If a patient has trouble hearing due to the ear’s inability to conduct sound waves, he/she is suffering from conductive hearing loss. This can be attributable to a congenital malformation or absence of the ear or because of a blockage in the ear canal. Oftentimes conductive hearing loss can be treated, totally restoring normal hearing ability.

Numerous congenital problems can result in conductive hearing loss. For instance, an individual can be born with an ear canal that isn’t fully open, or their ear canal might not have developed at all. Malformation of inner ear structures can prevent optimal hearing. Surgery may correct some congenital issues. The ones that cannot may be treated with a hearing aid. Congenital issues are one of the less common reasons behind conductive hearing loss.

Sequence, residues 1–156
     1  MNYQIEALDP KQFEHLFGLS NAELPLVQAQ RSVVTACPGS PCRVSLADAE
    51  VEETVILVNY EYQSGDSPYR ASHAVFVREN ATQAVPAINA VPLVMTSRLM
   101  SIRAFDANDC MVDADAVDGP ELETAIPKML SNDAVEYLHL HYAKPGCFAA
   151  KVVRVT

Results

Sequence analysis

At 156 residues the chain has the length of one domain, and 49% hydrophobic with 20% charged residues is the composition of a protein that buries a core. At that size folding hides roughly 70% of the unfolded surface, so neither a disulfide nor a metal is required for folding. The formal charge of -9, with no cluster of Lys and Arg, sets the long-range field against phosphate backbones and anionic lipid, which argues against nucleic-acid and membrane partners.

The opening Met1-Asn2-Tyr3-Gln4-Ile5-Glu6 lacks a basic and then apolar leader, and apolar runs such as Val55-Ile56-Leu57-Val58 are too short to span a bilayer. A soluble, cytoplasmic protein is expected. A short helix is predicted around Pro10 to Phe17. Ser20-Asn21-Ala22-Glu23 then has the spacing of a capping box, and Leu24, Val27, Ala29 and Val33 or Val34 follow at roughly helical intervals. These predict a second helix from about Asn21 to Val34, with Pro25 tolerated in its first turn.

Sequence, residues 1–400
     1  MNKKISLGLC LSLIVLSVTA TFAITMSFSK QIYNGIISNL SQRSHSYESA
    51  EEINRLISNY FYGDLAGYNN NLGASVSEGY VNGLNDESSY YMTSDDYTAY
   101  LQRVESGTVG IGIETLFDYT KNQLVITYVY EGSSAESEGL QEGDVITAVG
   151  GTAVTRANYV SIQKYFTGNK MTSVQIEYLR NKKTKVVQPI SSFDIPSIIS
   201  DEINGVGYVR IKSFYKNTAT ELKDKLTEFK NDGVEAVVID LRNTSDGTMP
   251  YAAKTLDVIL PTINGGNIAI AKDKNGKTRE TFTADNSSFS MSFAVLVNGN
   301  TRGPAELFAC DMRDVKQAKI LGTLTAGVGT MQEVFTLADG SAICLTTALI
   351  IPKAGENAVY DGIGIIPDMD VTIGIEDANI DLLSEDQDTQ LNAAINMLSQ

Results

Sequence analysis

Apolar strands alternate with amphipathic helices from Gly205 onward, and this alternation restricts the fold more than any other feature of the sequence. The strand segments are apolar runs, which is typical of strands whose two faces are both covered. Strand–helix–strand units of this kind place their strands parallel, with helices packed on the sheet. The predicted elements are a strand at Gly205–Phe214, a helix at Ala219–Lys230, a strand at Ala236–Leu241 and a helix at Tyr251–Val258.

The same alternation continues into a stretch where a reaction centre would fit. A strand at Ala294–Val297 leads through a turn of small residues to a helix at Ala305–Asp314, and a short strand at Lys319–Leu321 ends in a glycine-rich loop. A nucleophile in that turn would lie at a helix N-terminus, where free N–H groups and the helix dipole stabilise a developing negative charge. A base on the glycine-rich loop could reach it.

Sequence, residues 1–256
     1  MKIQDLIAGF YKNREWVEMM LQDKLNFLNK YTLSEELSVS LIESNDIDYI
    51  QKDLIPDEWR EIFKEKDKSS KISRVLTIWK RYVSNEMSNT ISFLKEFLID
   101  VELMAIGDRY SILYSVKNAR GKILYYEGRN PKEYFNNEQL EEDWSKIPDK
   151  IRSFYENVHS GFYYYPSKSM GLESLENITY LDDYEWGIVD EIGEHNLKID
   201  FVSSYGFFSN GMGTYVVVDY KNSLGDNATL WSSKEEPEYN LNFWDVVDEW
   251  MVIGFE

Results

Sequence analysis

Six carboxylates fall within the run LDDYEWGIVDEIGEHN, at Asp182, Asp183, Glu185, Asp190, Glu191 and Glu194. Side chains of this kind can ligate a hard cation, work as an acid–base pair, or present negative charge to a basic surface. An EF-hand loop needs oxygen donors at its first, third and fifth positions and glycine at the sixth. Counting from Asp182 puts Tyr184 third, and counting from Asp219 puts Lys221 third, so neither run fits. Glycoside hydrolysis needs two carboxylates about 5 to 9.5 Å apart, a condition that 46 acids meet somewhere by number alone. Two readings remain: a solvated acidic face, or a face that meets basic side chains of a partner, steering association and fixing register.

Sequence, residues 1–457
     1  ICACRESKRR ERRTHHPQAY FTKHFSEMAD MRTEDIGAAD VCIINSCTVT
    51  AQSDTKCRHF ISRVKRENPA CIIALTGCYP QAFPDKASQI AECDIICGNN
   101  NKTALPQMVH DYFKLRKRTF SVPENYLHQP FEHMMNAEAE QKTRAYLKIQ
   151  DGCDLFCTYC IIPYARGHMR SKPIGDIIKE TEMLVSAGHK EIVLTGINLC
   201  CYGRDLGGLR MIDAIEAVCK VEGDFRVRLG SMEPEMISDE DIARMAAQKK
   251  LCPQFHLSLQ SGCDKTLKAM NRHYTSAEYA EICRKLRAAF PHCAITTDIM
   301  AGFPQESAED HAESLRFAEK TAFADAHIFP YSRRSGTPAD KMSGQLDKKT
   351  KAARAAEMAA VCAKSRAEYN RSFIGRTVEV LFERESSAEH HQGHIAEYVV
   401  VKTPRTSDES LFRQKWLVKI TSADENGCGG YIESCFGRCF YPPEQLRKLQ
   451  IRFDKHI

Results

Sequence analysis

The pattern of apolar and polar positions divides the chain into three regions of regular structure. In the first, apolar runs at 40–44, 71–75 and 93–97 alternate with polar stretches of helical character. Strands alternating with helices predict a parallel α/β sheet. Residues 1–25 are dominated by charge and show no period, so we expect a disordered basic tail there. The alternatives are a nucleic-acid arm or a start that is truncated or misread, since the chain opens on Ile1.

Wax or fluid build-up in the outer ear is one of the more frequent causes of conductive hearing loss. Hearing ability can be negatively impacted by wax buildup and ear infections. Ear infections can be cured with prescription antibiotics while cleansing the ear might be sufficient in removing the wax buildup.

Accumulation in the middle ear can also lead to conductive hearing loss. This problem is most frequently caused by fluid accumulation. Frequently caused by ear infections, this problem is common in children. Hearing can be affected by pressure on the inner ear caused by allergies or the common cold. In rare situations conductive hearing loss can be caused by tumors in the middle ear.

Other issues may cause conductive hearing loss, including problems like foreign bodies in the ear canal and perforated eardrums. Conductive hearing loss commonly happens on its own, but it can coincide with other forms of hearing loss. Talk to a hearing care specialist right away if you encounter any inexplicable hearing loss. Hearing ability can often be fully restored with the appropriate treatment plan.

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